Q&A 15: What are your thoughts about perserverance of the saints?

Question: What are your thoughts about perseverance of the saints?

Reply:

This is the one area where all Southern Baptists agree! PTL! The doctrine affirms that those that God saves He protects and preserves their salvation to the very end. Sometimes this doctrine is also known by the phrase “eternal security.” There are many scriptures I believe that affirm this. Perhaps the clearest is John 10:27-29 which states, “My sheep hear my voice, and I know them, and they follow me. I give them eternal life, and they will never perish, and no one will snatch them out of my hand. My Father, who has given them to me, is greater than all, and no one is able to snatch them out of the Father’s hand.” The old Baptist preacher Vance Havner sums it up quite well when he states, “Faith that fizzles before the finish was faulty from the first.” We are saved by grace through faith alone, but saving faith never stays alone. Saving faith perseveres to the end. Perseverance of the saints is not so much a requirement as it is a promise. With Paul we can say, “…I know whom I have believed, and I am convinced that he is able to guard until that Day what has been entrusted to me” (2 Tim 1:12).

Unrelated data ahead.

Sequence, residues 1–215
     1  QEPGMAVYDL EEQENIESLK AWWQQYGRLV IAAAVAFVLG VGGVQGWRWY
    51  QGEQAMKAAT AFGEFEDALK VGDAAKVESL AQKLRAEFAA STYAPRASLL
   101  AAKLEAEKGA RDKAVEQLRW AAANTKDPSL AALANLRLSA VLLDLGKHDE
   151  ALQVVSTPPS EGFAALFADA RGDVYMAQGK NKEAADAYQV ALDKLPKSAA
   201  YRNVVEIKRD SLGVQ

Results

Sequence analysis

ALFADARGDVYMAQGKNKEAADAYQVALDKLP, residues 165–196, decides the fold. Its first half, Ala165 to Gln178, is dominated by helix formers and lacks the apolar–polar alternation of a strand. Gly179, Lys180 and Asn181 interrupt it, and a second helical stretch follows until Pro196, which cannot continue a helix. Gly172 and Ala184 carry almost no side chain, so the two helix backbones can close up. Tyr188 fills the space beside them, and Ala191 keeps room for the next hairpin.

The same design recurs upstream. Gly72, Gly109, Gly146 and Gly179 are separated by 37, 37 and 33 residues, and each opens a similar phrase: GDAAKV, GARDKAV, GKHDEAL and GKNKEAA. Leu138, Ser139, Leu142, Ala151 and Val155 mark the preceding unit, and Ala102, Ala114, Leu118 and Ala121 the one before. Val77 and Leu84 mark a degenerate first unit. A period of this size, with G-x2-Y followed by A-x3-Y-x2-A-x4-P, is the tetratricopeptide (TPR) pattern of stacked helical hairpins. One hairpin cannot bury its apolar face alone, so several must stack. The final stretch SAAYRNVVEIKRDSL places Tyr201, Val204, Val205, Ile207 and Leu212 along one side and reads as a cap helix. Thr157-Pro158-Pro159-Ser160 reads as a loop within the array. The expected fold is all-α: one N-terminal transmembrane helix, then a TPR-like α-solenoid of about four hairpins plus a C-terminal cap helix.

Now, what are we to make of all of this conversation and concern about Calvinism? In my Building Bridges message I concluded with the following words which I think are appropriately noted here again, “The modern missionary movement was birthed out of evangelical Calvinism both in Great Britain with William Carey and in American with Adoniram Judson. Both drank from the well named David Brainard. He drew nourishment from Jonathan Edwards. Would it not be a remarkable providence of our sovereign God if a conference on Calvanism was the genesis and spark of a Great Commission Resurgence among Southern Baptists? Wedding a healthy, well informed and robust theology to a consuming passion for the evangelization of the nations, we come together as never before to carry out the final command given by King Jesus. I believe our Baptist fellowship is big enough, in all the right ways, to have room for William Carey, Andrew Fuller, Luther Rice, Adoniram Judson, Charles Spurgeon, John L. Dagg, Basel Manley Sr. and Jr., Lottie Moon, and Annie Armstrong. I believe it is big enough to include Al Mohler and Paige Patterson, Vodie Baucom and J.D. Greear, Adrian Rogers and Timothy George, Jerry Vines and Mark Dever, W.A Criswell and Hershel Hobbs, Buddy Gray and Johnny Hunt, Andy Davis and Steve Gaines, Danny Akin and Tom Ascol. We may not agree on everything, but we agree on more than enough to work together for our Lord Jesus in fulfilling the Great Commission. So, will we live or will we die? Will we come together for life or fracture apart in death? I make my choice for life. It is my hope and my prayer that you will join me.” I believed those words then. I still believe them today.